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Column: “Colonial rule,” “aggression” key concepts in Abe statement on end of WWII

  • 2015-02-09 15:00:00
  • , Mainichi
  • Translation

(Mainichi: February 7, 2015 – p. 1)


 During a visit to the Prime Minister’s Official Residence (Kantei) in February 2013, former Prime Minister Tomiichi Murayama told Prime Minister Shinzo Abe: “Twenty years have passed since the Murayama Statement was issued. It’s fine to review it.” This was a time when the Western countries were claiming that Abe is a “historical revisionist.” Abe seemed at a loss, so Murayama added: “Just aufheben in a positive way.”


 Aufheben is a term used by the German philosopher Hegel to mean preserve what is good in an old doctrine and uplift this to a higher realm. At that time, Kantei officials had started to consider issuing an “Abe statement” in 2015 for the 70th anniversary of the end of World War II. A ruling party Diet member who was informed of this exchange between Murayama and Abe pointed out that “aufheben will determine the contents of the statement.”


 Murayama issued a statement on the 50th anniversary of the end of World War II and Prime Minister Junichiro Koizumi issued a statement on the 60th anniversary, expressing “deep remorse and heartfelt apology” for the past war. These two statements became controversial for defining Japan’s wartime acts as “colonial rule and aggression.” China and the ROK, which suffered great damages in the war, attach great importance to this as the core component of the Japanese government’s interpretation of history.


 On the other hand, certain Liberal Democratic Party (LDP) members still maintain that the past war was a war for “self-preservation and self-defense.” A senior Kantei official recalls that “when Prime Minister Koizumi issued the 60th anniversary statement, some LDP lawmakers criticized him for issuing such a statement.” Abe himself has shown a certain extent of understanding to this position. For example, he stated at the House of Councillors Budget Committee in April 2013 that “the definition of aggression is yet to be determined and it changes depending on where one stands in relations between states.”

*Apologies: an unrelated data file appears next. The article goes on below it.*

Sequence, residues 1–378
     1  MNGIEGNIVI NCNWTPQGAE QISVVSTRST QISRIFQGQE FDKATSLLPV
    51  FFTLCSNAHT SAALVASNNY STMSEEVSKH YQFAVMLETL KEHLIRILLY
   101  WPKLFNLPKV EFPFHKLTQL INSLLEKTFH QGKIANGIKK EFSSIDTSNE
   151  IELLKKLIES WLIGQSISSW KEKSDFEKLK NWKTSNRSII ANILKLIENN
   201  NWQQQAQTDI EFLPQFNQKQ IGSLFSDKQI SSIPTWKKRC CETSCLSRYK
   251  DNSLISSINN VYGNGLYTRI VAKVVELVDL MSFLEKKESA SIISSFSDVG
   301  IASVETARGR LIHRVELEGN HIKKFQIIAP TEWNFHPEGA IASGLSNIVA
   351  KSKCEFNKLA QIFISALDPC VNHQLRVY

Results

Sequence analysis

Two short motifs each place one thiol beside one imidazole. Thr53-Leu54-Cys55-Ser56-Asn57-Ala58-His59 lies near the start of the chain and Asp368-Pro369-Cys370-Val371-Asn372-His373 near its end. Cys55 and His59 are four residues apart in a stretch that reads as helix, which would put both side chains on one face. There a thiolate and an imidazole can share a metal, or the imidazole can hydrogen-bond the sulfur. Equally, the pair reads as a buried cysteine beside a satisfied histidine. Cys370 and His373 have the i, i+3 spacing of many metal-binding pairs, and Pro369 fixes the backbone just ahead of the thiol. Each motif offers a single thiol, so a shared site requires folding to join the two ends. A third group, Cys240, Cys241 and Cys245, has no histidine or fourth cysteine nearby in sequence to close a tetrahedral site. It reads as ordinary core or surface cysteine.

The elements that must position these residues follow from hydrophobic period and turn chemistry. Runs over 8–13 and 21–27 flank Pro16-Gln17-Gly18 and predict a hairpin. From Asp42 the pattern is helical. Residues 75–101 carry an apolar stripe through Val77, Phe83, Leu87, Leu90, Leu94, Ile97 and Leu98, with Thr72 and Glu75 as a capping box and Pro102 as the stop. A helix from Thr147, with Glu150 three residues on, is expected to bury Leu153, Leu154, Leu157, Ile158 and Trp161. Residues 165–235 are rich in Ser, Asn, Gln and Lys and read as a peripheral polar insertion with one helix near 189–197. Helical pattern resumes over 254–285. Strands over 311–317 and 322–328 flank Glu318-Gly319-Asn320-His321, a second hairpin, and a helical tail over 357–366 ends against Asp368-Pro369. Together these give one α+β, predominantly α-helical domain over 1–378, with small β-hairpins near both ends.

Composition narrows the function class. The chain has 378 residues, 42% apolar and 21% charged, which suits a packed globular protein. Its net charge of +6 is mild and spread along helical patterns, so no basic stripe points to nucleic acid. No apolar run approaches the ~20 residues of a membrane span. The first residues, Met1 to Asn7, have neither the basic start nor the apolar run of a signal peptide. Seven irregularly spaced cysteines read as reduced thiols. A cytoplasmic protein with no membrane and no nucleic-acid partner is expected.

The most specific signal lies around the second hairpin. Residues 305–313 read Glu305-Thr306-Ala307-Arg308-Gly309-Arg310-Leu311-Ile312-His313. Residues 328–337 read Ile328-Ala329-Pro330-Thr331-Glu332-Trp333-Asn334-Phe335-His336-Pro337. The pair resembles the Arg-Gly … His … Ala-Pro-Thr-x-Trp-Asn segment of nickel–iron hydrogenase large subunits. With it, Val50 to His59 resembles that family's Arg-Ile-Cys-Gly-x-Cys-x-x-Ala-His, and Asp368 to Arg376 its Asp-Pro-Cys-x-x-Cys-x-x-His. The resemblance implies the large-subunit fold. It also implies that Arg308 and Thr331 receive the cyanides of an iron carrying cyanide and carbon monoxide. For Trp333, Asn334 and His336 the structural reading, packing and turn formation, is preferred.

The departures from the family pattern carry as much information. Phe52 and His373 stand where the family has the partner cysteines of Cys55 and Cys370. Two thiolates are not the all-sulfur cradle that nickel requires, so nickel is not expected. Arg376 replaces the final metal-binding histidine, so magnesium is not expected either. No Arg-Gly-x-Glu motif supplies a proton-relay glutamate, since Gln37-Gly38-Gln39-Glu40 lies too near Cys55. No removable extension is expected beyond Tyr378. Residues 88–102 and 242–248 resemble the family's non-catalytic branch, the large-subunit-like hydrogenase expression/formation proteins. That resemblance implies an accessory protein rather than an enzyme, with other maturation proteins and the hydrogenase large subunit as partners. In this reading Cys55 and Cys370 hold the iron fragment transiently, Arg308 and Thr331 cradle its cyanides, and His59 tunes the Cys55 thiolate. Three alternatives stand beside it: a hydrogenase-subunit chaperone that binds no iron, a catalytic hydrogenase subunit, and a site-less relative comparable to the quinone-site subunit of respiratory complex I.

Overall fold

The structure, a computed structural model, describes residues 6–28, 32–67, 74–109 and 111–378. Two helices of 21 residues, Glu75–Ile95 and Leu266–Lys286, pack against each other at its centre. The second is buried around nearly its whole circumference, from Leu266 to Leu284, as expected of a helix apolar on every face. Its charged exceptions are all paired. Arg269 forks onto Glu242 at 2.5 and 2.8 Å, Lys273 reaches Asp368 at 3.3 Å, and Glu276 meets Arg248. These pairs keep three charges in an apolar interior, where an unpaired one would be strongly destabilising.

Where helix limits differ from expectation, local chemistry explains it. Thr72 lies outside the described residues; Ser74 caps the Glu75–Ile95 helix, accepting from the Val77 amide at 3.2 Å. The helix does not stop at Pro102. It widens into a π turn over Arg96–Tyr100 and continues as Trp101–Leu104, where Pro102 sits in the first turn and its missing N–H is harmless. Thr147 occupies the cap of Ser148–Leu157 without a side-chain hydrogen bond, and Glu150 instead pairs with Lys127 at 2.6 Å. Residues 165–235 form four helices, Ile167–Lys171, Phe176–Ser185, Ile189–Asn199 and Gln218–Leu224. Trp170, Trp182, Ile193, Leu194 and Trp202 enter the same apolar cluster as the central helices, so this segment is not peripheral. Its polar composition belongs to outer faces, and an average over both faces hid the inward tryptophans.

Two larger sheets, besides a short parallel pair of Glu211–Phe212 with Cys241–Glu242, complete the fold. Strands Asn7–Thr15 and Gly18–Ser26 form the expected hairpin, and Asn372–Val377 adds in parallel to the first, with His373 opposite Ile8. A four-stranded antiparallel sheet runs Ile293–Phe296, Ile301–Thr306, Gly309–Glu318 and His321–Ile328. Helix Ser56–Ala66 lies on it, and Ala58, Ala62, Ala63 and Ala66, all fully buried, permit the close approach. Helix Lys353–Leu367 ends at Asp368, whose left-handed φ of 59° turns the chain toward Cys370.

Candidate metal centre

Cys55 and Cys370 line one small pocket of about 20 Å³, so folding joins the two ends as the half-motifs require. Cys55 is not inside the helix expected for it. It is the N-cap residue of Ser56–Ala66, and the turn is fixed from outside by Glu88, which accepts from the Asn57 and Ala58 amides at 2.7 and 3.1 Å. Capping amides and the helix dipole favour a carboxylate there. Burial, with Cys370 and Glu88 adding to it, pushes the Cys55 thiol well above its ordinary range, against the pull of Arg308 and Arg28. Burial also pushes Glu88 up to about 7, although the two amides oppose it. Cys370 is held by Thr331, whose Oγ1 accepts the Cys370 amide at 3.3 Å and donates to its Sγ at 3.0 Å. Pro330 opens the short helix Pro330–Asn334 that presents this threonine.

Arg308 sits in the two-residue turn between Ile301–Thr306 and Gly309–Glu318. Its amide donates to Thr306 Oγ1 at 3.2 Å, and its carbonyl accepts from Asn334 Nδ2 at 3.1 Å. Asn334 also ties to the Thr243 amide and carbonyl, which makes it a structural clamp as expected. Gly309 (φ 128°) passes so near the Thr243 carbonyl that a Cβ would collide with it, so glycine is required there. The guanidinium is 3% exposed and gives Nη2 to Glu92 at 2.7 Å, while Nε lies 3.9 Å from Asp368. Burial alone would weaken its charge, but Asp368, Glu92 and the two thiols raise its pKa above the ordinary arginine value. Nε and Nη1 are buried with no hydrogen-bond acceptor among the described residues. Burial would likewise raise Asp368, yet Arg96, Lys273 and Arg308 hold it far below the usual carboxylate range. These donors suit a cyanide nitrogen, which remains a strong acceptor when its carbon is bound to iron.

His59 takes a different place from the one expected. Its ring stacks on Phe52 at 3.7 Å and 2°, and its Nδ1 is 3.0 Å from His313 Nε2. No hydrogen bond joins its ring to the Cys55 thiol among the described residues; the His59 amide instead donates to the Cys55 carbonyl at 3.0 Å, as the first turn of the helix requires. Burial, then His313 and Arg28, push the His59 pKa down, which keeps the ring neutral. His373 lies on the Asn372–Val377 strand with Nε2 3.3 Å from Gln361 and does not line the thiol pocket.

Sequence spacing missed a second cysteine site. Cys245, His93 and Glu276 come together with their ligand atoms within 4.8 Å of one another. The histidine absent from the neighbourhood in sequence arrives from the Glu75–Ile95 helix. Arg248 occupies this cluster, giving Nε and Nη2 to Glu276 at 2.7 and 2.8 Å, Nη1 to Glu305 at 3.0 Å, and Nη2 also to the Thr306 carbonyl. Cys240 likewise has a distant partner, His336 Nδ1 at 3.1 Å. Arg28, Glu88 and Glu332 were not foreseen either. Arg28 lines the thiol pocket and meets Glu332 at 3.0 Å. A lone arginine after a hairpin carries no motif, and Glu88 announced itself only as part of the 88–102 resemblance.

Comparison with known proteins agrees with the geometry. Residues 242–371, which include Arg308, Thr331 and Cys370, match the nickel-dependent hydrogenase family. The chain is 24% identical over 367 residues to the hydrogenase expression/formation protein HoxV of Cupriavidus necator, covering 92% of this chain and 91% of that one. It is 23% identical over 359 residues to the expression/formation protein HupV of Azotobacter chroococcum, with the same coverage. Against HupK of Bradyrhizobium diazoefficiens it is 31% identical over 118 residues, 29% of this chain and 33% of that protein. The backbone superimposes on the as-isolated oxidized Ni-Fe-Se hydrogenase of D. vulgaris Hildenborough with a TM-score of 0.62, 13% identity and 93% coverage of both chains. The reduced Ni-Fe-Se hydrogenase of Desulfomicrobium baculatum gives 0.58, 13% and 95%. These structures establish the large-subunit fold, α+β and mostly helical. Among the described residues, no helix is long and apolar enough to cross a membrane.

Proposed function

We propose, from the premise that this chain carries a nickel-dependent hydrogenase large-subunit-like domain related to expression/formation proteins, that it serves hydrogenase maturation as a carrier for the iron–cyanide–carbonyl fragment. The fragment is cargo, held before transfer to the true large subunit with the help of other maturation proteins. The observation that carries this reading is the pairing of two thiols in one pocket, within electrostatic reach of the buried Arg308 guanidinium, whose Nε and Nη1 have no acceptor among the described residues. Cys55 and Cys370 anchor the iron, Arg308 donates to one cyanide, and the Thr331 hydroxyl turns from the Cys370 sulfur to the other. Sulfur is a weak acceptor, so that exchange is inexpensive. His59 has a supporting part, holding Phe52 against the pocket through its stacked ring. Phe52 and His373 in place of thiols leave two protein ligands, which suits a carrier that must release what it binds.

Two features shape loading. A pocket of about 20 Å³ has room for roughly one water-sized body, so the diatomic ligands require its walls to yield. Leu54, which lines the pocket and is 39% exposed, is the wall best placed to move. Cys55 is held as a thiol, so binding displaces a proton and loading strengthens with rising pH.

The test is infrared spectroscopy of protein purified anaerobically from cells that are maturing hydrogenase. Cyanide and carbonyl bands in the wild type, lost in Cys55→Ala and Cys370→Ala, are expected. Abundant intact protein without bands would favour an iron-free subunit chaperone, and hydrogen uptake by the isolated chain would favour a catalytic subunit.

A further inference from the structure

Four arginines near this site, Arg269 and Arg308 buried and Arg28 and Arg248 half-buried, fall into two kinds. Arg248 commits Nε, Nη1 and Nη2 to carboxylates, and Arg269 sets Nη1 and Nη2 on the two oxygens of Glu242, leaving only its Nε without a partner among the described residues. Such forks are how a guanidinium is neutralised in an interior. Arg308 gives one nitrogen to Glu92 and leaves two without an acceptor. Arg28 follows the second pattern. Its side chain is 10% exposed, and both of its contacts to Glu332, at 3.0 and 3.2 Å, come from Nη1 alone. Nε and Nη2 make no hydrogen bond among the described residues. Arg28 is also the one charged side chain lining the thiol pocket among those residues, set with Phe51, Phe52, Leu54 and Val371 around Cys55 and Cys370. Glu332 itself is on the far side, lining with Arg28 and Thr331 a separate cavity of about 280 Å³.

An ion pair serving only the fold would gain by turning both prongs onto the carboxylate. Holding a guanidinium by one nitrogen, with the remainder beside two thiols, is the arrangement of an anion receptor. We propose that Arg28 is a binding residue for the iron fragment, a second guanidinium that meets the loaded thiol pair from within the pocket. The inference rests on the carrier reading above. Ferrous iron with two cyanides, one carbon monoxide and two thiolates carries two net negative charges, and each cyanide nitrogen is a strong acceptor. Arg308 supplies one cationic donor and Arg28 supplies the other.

Abe may face serious criticism whether he affirms or denies “colonial rule and aggression.” Therefore, he has chosen not to mention these keywords specifically and “adhere to the overall spirit” of the two previous statements, in order to suppress criticism from both sides. He stated on a NHK talk show in January that focusing the discussion on whether specific words are used or not is “trivial” and reiterated that he will adhere to the overall position of past cabinet decisions.


 An aide to the Prime Minister explained that the new statement “will be future-oriented and will highlight Japan’s steady advance as a peaceful country in the postwar world and its intent to contribute to the international community under the policy of proactive pacifism.”


 While there is an opinion in the LDP that Japan’s position on the purpose of the past war, the comfort women issue, and other related subjects should also be included, this aide indicated that such opinion will be rejected and “elements that will undermine relations with the U.S., China, and the ROK will not be incorporated.”


 Abe has long shown a strong interest in the history issues. Why is he appearing to be “shelving” such issues? A LDP Diet member close to him says: “This is to enable him to devote utmost efforts to ‘departure from the postwar regime,’ which is the essence of his philosophy as a politician. He will probably mention constitutional revision in the 70th anniversary statement as a symbol of departure.”

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